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The link between family background and later lifetime income: how does the UK compare to other countries?

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  • John Jerrim

    () (Department of Quantitative Social Science, Institute of Education, University of London)

Abstract

The link between family background and labour market outcomes is an issue of great academic, social and political concern. It is frequently claimed that such intergenerational associations are stronger in Britain than other countries. But is this really true? I investigate this issue by estimating the link between parental education and later lifetime income, using three cross-nationally comparable datasets covering more than 30 countries. My results suggest that the UK is broadly in the middle of the cross-country rankings, with intergenerational associations notably stronger than in Scandinavia but weaker than in Eastern Europe. Overall, I find only limited support for claims that family background is a greater barrier to economic success in Britain than other parts of the developed world.

Suggested Citation

  • John Jerrim, 2014. "The link between family background and later lifetime income: how does the UK compare to other countries?," DoQSS Working Papers 14-02, Department of Quantitative Social Science - UCL Institute of Education, University College London.
  • Handle: RePEc:qss:dqsswp:1402
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    File URL: http://repec.ioe.ac.uk/REPEc/pdf/qsswp1402.pdf
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    References listed on IDEAS

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    1. Arnaud Chevalier & Colm Harmon & Vincent O’ Sullivan & Ian Walker, 2013. "The impact of parental income and education on the schooling of their children," IZA Journal of Labor Economics, Springer;Forschungsinstitut zur Zukunft der Arbeit GmbH (IZA), vol. 2(1), pages 1-22, December.
    2. Jäntti, Markus & Bratsberg, Bernt & Røed, Knut & Raaum, Oddbjørn & Naylor, Robin & Österbacka, Eva & Bjørklund, Anders & Eriksson, Tor, 2005. "American exceptionalism in a new light: a comparison of intergenerational earnings mobility in the Nordic countries, the United Kingdom and the United States," Memorandum 34/2005, Oslo University, Department of Economics.
    3. Eric A. Hanushek & Ludger Wössmann, 2006. "Does Educational Tracking Affect Performance and Inequality? Differences- in-Differences Evidence Across Countries," Economic Journal, Royal Economic Society, vol. 116(510), pages 63-76, March.
    4. Dickson, Matt & Gregg, Paul & Robinson, Harriet, 2013. "Early, Late or Never? When Does Parental Education Impact Child Outcomes?," IZA Discussion Papers 7123, Institute for the Study of Labor (IZA).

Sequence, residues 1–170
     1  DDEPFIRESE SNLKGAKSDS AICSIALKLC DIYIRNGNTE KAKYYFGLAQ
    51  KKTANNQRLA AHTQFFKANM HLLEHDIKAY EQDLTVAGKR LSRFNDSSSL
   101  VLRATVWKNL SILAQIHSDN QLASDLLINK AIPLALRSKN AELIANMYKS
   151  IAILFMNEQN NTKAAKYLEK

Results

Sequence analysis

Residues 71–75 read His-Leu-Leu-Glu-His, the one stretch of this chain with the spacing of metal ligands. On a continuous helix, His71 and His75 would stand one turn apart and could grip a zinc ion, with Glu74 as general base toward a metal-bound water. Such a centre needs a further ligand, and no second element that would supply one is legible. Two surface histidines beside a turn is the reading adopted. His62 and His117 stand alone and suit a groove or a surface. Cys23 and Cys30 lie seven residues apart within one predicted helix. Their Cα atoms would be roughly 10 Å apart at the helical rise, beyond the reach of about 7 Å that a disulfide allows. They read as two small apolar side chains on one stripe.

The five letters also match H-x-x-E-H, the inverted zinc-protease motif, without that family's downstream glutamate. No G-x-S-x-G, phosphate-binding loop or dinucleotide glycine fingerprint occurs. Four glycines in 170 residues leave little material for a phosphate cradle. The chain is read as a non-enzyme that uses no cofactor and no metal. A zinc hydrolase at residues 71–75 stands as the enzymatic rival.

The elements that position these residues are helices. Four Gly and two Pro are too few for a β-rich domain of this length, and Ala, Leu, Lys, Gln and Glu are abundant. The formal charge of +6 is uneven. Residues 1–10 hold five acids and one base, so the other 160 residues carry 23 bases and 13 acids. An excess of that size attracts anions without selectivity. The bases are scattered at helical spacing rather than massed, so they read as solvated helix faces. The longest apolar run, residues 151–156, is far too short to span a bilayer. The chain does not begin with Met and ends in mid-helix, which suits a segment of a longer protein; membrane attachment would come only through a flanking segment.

5. Ganzeboom, H.B.G. & de Graaf, P.M. & Treiman, D.J. & de Leeuw, J., 1992. "A standard international socio-economic index of occupational status," WORC Paper 85970031-d601-46e3-befb-1, Tilburg University, Work and Organization Research Centre.
    6. Steedman, Hilary & McIntosh, Steven, 2001. "Measuring Low Skills in Europe: How Useful Is the ISCED Framework?," Oxford Economic Papers, Oxford University Press, vol. 53(3), pages 564-581, July.
    7. Richard Lampard, 2007. "Is Social Mobility an Echo of Educational Mobility? Parents' Educations and Occupations and Their Children's Occupational Attainment," Sociological Research Online, Sociological Research Online, vol. 12(5), pages 1-16.
    8. Gary Solon, 2002. "Cross-Country Differences in Intergenerational Earnings Mobility," Journal of Economic Perspectives, American Economic Association, vol. 16(3), pages 59-66, Summer.
    9. Stanislav Kolenikov & Gustavo Angeles, 2009. "Socioeconomic Status Measurement With Discrete Proxy Variables: Is Principal Component Analysis A Reliable Answer?," Review of Income and Wealth, International Association for Research in Income and Wealth, vol. 55(1), pages 128-165, March.
    10. John Jerrim, 2012. "The socio-economic gradient in teenagers' literacy skills: how does England compare to other countries?," DoQSS Working Papers 12-04, Department of Quantitative Social Science - UCL Institute of Education, University College London.
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    Cited by:

    1. Paul Gregg & Lindsey Macmillan & Claudia Vittori, 2015. "Nonlinear Estimation of Lifetime Intergenerational Economic Mobility and the Role of Education," DoQSS Working Papers 15-03, Department of Quantitative Social Science - UCL Institute of Education, University College London.
    2. repec:spr:eujhec:v:19:y:2018:i:1:d:10.1007_s10198-017-0867-9 is not listed on IDEAS

    More about this item

    Keywords

    intergenerational mobility; parental education; income; PIAAC; EU-SILC;

    JEL classification:

    • J62 - Labor and Demographic Economics - - Mobility, Unemployment, Vacancies, and Immigrant Workers - - - Job, Occupational and Intergenerational Mobility; Promotion

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